As a shoulder specialist I have the pleasure of helping people get back to do doing the things they love from competitive sports to recreational activities to simply sleeping without pain. Shoulder pain and disability can have a substantial impact on one’s quality of life. My goal is help my patients get back to doing the things they enjoy. While most people don’t want to have surgery, sometimes it is an option or even necessary to achieve their goals. If surgery is an option, a reasonable question is “What are the chances I will get better?” In my practice I track the outcomes of my patients very closely. This helps me understand their outcome, provide information to patients about their anticipated outcome, and of course improve shoulder care both in my practice and for other surgeons.
I ask all of my patients to complete questionnaires about their shoulder before and after surgery using validated outcome measures. While several measures are used, two of the simplest for patients to understand are pain and the SANE score. Pain is measured on a scale of 0-10 with 0 being no pain and 10 being maximal pain. The SANE score is the one’s perception of shoulder function as a percentage of normal, 0% being no function and 100% being normal function. Below is just some of the data from our patients.
Rotator Cuff Repair
These two graphs represent all arthroscopic rotator cuff repairs in my practice. That is, small tears to massive retracted tears. As can be seen, on average a patient rates their shoulder as about 34% of normal prior to surgery and at one year they rate their shoulder as about 77% of normal. In other words, after surgery they rate their function as over double that prior to surgery. In terms of pain, patients average 5.3 out of 10 pain prior to surgery and report pain of 1.5 out of 10 after surgery. Notably, the majority of pain reduction occurs within the first 6 months, and particularly in the first 2 weeks after surgery.
As a shoulder specialist I am often referred patients who have failed previous surgery. Some of these people can benefit from a revision arthroscopic repair. With the outcomes system I use I’m able to compare my data to other surgeons across the country. The two graphs below represent my outcomes in revision arthroscopic rotator cuff repair compared to other surgeons. The green lines represent my patients and the black line represents other surgeons. As one can see, my patients have a similar function prior to surgery and appear to be doing similar to or slightly better than other patients. In terms of pain, my patients actually have higher pain prior to surgery and have lower pain after surgery compared to other surgeons.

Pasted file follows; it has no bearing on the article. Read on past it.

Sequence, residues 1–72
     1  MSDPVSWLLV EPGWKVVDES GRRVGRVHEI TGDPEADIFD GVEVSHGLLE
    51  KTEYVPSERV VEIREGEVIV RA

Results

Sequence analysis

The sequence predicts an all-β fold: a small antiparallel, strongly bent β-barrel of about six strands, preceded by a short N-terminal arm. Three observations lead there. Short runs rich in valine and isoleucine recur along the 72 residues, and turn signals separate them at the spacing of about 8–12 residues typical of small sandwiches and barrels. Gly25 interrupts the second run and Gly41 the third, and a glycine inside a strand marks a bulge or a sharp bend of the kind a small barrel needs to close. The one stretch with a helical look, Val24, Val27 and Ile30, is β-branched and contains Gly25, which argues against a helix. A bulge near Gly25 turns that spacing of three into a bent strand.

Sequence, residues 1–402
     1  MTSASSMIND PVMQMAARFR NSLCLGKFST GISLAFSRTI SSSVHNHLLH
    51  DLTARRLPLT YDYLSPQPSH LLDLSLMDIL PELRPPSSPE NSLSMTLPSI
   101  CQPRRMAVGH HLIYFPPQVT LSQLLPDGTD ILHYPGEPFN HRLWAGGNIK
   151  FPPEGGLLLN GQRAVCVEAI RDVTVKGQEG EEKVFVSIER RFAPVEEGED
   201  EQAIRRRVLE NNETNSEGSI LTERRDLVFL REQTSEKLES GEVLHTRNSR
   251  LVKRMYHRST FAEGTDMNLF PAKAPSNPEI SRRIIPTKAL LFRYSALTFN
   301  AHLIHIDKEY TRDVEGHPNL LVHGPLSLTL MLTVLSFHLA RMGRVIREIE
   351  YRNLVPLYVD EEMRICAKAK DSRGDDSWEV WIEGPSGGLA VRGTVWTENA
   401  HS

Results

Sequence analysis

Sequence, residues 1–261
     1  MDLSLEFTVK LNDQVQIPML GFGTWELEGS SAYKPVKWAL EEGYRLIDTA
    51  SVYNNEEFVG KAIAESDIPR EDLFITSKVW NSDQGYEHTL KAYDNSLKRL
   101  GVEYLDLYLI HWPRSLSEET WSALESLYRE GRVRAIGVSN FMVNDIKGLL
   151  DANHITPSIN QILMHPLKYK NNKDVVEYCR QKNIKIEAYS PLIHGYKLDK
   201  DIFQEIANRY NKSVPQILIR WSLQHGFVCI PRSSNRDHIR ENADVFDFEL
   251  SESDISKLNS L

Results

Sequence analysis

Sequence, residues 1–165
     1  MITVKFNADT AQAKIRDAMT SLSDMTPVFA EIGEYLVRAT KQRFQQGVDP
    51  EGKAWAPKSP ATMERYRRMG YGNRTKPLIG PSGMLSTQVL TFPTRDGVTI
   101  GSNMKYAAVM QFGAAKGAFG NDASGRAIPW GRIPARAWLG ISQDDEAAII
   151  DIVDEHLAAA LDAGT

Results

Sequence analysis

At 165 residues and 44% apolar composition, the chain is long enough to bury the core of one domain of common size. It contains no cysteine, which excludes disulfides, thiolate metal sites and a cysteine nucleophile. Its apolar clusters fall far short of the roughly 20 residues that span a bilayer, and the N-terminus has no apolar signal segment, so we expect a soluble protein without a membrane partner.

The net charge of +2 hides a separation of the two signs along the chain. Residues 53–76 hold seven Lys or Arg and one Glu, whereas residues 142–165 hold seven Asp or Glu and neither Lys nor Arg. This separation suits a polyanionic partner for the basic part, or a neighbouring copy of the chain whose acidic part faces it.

The two graphs below represent the outcome of my patients after an anatomic total shoulder replacement. Prior to surgery patients rate their shoulder at about 27% of normal. After surgery they rate their shoulder at about 76% of normal, or 3 times better than before surgery. Their pain averages 6.6 prior to surgery and decreases to an average of 1.6 out of 10 after surgery.
Reverse shoulder arthroplasty is another type of replacement that is used particularly in patients with both arthritis and rotator cuff insufficiency. The two graphs below represent my outcomes in these patients. On average a patient reports function of 26% of normal prior to surgery and 71% of normal after surgery. Pain averages 5.4 out of 10 prior to surgery and decreases to an average of 1.2 out of 10 after surgery.
Complications and Volume
Prior to surgery I try to help my patients understand their chances of success and chances of a complication. In other words we have a risk vs. benefit discussion. Risk and benefits depend on both the patient and the surgeon. For instance a healthy patient with a small rotator cuff tear is more likely to have a good result with minimal complications than an unhealthy patient with a massive rotator cuff tear. In addition the results between surgeons are not the same. While surgeon skill no doubt varies, it is difficult to measure. As a surrogate, many studies have measured surgeon volume and outcome. Time and time again these studies have shown that outcome is better, cost is lower, and complication is lower when surgery is performed by a high-volume surgeon. As we have learned with the “10,000 hour rule,” it takes time to become an expert in an area and the more we do, in general the better we become. However, most shoulder replacements are performed by a surgeon who does less than 10 per year. In my practice as a shoulder specialist I perform over 125 shoulder replacements per year and over 200 rotator cuff repairs per year.
One of the complications I follow most closely is the risk of infection since this complication can be devastating. I take several measures to prevent infection and with these I have a very low infection rate. In published studies the risk of shoulder infection following shoulder replacement is 1-4%. In my patients the infection rate is less than 1%. Similarly, my infection rate following arthroscopic surgery is less than 1%.